shows by example how easily you can eliminate stress, become more independent, raise your children in a safer environment (while spending more time with them, instilling values not based on the mighty dollar) and avoid the traps of commercialism. Because we live and sail simply, we have been wandering for 11 years with no intention of stopping. This is not a trip for us; it is our life, and I hope to share our success with stories of laughter and tears, as well as how-to tips and DIY projects for preparing, sailing and making a boat a home, so that others can join us.

May 30, 20112

The classifieds ad read: Bristol condition, heat/ac, refrigeration, microwave, hot/cold pressure water, full canvas, custom cabinetry, Garmin 182C chartplotter. This was all on a 24-foot boat.

Now, I enjoy convenience as much as the next person: we have a sculling oar, a self-contained head, only 3 thru-hulls and a wide inventory of sails, all which I consider to be the epitome of convenience. But we all, boaters, RV-ers and landlubbers alike, need to honestly consider the question: how much is too much?

Too much stuff

I found it ironic that this ad was in the paper I was scanning while Dave was reading his new book The Compleat Cruiser by L. Francis Herreshoff. Though the story is a bit contrived at times and written like a fairy tale (When he wants to describe how to reef POOF there's a squall.) I found many informative and amusing passages worthy of quoting.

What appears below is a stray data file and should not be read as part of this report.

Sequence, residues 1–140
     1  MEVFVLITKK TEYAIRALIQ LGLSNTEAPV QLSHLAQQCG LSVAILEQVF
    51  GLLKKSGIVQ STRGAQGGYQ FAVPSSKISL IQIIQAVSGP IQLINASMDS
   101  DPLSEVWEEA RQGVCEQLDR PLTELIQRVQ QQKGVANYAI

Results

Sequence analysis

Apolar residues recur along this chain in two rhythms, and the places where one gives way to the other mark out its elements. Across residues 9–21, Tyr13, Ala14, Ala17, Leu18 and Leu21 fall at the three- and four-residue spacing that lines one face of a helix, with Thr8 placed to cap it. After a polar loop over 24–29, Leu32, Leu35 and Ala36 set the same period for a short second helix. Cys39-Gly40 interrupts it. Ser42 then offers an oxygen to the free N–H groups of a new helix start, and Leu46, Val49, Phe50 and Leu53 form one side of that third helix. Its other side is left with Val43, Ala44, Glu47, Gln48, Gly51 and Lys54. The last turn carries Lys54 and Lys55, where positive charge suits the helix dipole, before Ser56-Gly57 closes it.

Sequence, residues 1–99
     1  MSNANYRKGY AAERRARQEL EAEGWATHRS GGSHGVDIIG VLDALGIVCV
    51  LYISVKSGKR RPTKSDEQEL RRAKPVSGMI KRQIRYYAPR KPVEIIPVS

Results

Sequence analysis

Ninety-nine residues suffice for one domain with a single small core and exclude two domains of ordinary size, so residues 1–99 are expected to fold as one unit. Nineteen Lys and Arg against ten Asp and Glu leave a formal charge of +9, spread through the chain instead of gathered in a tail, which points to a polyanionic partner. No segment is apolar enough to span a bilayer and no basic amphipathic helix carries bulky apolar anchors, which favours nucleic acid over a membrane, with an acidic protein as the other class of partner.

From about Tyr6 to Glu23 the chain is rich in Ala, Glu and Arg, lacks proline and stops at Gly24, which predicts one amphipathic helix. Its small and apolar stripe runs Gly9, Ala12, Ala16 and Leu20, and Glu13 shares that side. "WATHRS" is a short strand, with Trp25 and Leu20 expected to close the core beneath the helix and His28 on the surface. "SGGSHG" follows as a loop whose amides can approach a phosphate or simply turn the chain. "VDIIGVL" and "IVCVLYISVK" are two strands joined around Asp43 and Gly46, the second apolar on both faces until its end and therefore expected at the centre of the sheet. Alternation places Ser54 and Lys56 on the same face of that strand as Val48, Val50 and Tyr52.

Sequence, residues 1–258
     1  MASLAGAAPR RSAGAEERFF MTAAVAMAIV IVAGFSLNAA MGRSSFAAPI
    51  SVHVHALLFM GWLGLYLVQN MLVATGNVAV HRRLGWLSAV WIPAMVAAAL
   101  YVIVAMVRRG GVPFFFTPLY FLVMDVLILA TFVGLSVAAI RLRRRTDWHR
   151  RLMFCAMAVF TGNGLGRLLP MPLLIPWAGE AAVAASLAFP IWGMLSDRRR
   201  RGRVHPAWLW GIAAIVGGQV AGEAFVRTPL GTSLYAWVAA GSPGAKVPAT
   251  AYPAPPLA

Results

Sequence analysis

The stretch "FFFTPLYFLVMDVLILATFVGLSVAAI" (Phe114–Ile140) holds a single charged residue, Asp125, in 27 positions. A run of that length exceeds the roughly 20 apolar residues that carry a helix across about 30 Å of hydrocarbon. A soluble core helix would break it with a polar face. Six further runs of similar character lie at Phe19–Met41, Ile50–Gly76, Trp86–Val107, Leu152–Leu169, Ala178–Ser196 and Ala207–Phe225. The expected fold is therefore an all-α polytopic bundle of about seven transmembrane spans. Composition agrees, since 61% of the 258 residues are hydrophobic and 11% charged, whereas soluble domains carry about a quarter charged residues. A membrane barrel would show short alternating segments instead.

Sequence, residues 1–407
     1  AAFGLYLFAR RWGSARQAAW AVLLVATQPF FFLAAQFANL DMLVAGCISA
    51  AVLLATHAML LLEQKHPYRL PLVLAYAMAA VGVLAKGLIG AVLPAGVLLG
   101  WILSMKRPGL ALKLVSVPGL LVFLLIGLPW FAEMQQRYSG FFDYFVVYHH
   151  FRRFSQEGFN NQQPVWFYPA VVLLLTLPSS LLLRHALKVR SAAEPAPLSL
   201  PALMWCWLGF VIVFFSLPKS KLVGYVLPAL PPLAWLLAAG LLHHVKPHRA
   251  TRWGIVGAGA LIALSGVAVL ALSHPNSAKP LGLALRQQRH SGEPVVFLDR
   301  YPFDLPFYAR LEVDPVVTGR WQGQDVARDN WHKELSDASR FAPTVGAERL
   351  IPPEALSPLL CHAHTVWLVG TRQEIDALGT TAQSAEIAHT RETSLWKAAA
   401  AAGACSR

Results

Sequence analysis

"...I would just as strongly suggest simplicity in cruising, for I feel that the average small cruiser of 50 or 60 years ago is capable of giving more pleasure for the cost than the usual boat of today. In my youth, the small sailboat or cruiser had no engine, toilet, or electrical devices so that (short of a collision or severe stranding) repairs through the summer season were almost unheard of, while we could cruise in most any direction without thought of expense or fuel consumption. Today, however, the usual small cruiser must stick to an itinerary of short trips between the boat yards that have a monkey wrench mechanic. The first stop will be to adjust the engine which cannot be gotten at; the next stop to overhaul the electrical w.c. Then, after covering twenty miles more of uninteresting coast line, there will be innumerable things to be done so the stop will require several days' delay and the shipyard bill will be a hundred smackers. At this stop, perhaps, the compass will have to be readjusted on account of the changes in electronics; two lapping jibs recut, the fire extinguishers recharged and the parachute mended, so the average speed along the coast for these new type cruisers is about 10 miles a day, and the running cost one dollar a mile. In my youth, a sensible cruiser of any of the sizes between 25 and 50 feet waterline cost new about one-tenth what they do now. Yet wages, materials and other building costs have only about tripled since that time. You may wonder why the modern cruiser costs so much. It is only on account of the ridiculous complications that the inexperienced yachtsman requires, for he will fall for any complicated mechanical device that is advertised. When someone markets a twelve cylinder toilet with duel ignition, his fondest hopes will be fulfilled. Sometimes I wonder why we used to cruise farther and faster in the old boats than now, but it is the case of the hare and the tortoise again." This was written in 1956.